The three women all allege that they took their concerns to Gabryszak’s chief of staff, Adam Locher, but that he either told them to ignore the problems or, in one case, look for another job; he did not return calls to comment Friday.

Gabryszak did not return calls to his cellphone or office phone.

The three women, all in their 20s who payroll records show made between $21,939 and $34,892 annually, rocked Albany on Friday with their allegations against Gabryszak, who has been married for 37 years and has two children.

“The behavior was so severe, persistent and pervasive that the claimants had no alternative other than to leave their employment,’’ the papers state, adding that it forced them to lose wages, health care insurance and other benefits. The papers said the three women suffered emotional distress and mental anguish as a result of dealings with Gabryszak.

Freling, who served for just over two years until April as Gabryszak’s communications director, alleged he told her she aroused him and talked about going to strip clubs. She said the assemblyman asked her to get information on his cellphone or iPad, where she found pictures of naked women and escort service information, the legal papers state.

Freling alleges Gabryszak threatened he could fire her for any reason and went on to say that “if he didn’t like the way she looked that day, he could dismiss her.’’ At one point, she said, he told her he only hired her “because she was pretty.’’ He also sent her a video, a court paper states, of himself in a bathroom “either receiving or pretending to be receiving fellatio.’’ Three other staffers saw the video, and Freling claimed she was so disgusted by what she saw that she immediately called the lawmaker to complain.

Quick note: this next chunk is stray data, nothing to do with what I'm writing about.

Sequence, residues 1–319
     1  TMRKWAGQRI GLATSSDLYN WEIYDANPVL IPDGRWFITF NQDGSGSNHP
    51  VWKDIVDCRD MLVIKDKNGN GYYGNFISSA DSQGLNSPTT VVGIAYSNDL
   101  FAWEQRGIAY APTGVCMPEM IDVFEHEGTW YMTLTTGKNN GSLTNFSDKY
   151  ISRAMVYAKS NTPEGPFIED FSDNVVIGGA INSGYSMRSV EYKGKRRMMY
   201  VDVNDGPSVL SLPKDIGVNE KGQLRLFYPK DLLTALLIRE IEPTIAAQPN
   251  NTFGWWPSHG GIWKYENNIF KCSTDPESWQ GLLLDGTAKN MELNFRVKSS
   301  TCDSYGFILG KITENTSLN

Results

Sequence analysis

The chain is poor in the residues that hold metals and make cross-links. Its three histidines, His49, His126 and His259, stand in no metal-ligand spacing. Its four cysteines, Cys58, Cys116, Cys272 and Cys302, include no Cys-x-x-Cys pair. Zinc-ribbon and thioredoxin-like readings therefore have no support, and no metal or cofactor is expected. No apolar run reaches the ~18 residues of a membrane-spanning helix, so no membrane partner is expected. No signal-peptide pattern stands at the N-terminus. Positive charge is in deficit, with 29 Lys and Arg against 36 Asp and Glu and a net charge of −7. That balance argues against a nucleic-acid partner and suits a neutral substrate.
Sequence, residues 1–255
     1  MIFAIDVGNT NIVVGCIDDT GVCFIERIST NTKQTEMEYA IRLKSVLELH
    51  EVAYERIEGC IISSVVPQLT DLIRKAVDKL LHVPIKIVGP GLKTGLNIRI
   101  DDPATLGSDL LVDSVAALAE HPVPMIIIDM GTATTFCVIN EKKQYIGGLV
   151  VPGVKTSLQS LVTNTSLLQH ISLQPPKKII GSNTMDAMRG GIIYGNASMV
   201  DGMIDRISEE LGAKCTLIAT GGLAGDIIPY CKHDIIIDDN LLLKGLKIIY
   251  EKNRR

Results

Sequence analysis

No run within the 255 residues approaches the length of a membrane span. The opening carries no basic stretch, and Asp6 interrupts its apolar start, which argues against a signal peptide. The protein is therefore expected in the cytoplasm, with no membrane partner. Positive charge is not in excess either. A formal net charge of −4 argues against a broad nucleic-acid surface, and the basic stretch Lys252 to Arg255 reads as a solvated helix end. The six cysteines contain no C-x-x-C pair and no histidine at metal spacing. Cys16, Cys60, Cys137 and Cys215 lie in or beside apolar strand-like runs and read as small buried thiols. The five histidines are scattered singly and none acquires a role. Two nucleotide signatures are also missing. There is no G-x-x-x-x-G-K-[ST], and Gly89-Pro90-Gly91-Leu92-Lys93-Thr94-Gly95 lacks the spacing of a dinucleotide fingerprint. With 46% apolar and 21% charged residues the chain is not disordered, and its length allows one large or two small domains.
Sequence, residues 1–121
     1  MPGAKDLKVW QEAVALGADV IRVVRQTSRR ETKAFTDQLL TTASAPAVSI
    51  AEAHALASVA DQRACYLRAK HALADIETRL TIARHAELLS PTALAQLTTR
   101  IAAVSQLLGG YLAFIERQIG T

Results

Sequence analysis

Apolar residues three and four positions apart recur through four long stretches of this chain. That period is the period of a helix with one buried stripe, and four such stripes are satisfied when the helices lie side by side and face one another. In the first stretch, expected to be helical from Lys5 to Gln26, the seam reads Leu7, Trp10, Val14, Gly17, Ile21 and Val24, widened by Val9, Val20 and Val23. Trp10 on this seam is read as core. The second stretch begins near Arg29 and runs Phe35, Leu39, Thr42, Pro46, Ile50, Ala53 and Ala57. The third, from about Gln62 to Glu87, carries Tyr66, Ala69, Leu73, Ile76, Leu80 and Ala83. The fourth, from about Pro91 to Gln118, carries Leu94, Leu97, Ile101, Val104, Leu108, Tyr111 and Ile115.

In 2011, when former President Bill Clinton came to Albany to give a speech, Freling, a Western New York resident, traveled to the State Capitol. But the lawmaker told her, the court paper states, that his office would not pay for a hotel room and that she could either stay at his apartment or sleep in the office. He also took her to a concert near the Capitol, but she asked to leave because it was clearly a “couples’ concert’’ that was being held on Valentine’s Day. They left, but went to a restaurant where the lawmaker attempted to give her a set of pearls. She declined, but he put them in her bag anyway.

Freling said Gabryszak also sent her a Facebook message with a sexual reference about the appearance of a downstate Republican assemblywoman. In 2012, at a Cuomo event in Buffalo, he made sexual remarks to her; she stormed off after asking him to stop.

On the evening of a gun-rights dinner in March, Freling said, she spilled mocha on her dress, and she notified Gabryszak she would be late for the event. He texted her back saying he wanted to “lick her’’ because she had mocha on her, she alleges. She said Gabryszak also would discuss his fondness for going to Albany strip clubs.

Snickles replaced Freling as communications director and lasted only until October.